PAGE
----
U.S. Immigration Law Reform: The Death of Offshore Outsourcing?

April 30, 2013 by · Leave a Comment 

For years, Indian IT and BPO companies have enjoyed a disproportionate share of U.S. non-immigrant visas for highly skilled foreign workers.  Reportedly, Indian nationals account for a significant share of all H1-B current visas, nearly 60% (Wall Street Journal, April 24, 2013).  However, this situation may change in the near future.

On April 16, 2013, Senator Chuck Schumer (D., N.Y), introduced a bill, S. 744, Border Security, Economic Opportunity, and Immigration Modernization Act, which proposes significant changes to current immigration laws.   Title IV of this draft targets nonimmigrant visa programs and impacts directly on any company “dependent” on foreign labor, generally defined as any company with 15% or more of its full-time employees classified as H1-B nonimmigran  workers.  If enacted, these reforms would drastically change the landscape, altering the economic incentives, imposing new limits on offshore outsourcers, promoting local American workers and creating new bureaucratic compliance rules affecting all employers with any H1-B worker.

The Future of Outsourcing

Global Restructuring of Global Services.   If enacted, the bill portends some potential major changes in the way companies and their foreign service providers do business.   We can anticipate the following possibilities:

  • Foreign Labor at a Higher Cost.  Companies could continue to use substantial foreign tech labor as consultants in the U.S., but only after paying substantially higher filing fees for visa applications.  For example, in the years 2015-2017, applicants that employ 50 or more employees in the United States with more than 50 percent and less than 75 percent of its employees classified as H-1B or L nonimmigrants will have to pay $10,000 per visa.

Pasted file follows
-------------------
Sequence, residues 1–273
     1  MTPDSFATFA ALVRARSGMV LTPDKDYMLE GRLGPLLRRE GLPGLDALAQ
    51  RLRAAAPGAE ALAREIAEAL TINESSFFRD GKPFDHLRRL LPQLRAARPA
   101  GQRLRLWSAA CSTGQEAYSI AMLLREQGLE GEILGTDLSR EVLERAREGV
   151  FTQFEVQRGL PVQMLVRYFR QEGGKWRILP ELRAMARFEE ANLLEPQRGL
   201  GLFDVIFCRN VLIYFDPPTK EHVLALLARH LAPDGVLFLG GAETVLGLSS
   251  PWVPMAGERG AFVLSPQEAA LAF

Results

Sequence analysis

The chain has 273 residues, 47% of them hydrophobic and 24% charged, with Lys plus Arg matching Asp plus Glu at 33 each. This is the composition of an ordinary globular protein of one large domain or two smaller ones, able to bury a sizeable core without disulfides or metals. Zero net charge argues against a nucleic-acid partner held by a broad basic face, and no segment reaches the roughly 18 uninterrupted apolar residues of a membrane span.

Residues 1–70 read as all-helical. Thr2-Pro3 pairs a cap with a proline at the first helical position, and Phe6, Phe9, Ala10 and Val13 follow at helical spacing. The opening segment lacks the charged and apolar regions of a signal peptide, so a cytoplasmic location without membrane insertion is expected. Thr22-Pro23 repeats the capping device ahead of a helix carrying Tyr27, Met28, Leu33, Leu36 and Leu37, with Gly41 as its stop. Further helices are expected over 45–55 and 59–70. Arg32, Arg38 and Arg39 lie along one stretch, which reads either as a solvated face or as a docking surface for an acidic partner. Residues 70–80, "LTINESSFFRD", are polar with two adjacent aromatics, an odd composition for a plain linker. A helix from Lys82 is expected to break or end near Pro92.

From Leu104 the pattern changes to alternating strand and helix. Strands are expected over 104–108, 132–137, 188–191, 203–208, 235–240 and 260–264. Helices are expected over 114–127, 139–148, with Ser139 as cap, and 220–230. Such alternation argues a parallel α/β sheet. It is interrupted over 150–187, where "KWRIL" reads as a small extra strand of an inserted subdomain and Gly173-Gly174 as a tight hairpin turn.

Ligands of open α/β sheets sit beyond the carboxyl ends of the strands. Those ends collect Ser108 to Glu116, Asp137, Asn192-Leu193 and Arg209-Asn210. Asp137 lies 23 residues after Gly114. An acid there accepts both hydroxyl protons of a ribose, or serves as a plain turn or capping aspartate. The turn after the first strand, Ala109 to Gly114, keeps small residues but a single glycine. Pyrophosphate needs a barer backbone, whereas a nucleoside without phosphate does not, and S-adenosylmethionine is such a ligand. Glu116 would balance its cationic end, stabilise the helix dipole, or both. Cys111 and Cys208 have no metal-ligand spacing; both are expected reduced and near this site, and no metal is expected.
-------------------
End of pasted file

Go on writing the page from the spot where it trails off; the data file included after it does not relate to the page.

• Acquisitions and Mergers.   To play with ratios, outsourcers will likely acquire U.S. business service providers with large workforces (for about 850,000 U.S. workers in the aggregate).  This might circumvent the new visa barriers but would likely dilute overall ROI by incorporating lower-profitability businesses.
  • More U.S. Employment; More Offshoring.  In principle, offshore outsourcers would hire more U.S. citizens and lawful permanent residents (LPR’s), assuming their skills fit the demand.  In practice, more tech jobs might move offshore, either by outsourcing or by “shared services” “centers of excellence.”
  • Centers of Excellence: More Offshoring.  The reform legislation could backfire, creating incentives for more foreign “centers of excellence” owned and operated by global enterprises as “shared service centers.”  To absorb volatility in demand, multinationals could augment the staff of their offshore COE’s with project support from foreign outsourcers.  Thus, reforms might cause unintended consequences that promote even more offshoring and even less local U.S. employment.

These reforms could offer new opportunities for business process transformation, global workforce planning, access to new markets and greater integration of global service delivery centers (across multiple countries) with customer service and account management in the U.S.

The Details of Immigration Reform affecting H1-B Visas

Increased H1- B Quotas.  America employers would have greater access to foreign workers directly because the numerical cap would rise from 65,000 to between 110,000 and 180,000 new H-1B visas per year, depending on a High Skilled Jobs Demand Index, but the new cap could not fluctuate by more than 10,000 from the prior year’s cap.  The exemption cap on foreign advance degree graduates of U.S. universities would increase from 20,000  to 25,000  if they fit within STEM categories: computer and information sciences and support services, engineering, mathematics and statistics, and physical sciences.  Employers would pay a new supplemental application fee of $500 for labor certification applications, to be used for STEM Education and Training and primarily for scholarships for low-income U.S. students enrolled in STEM studies and for K-12 STEM education.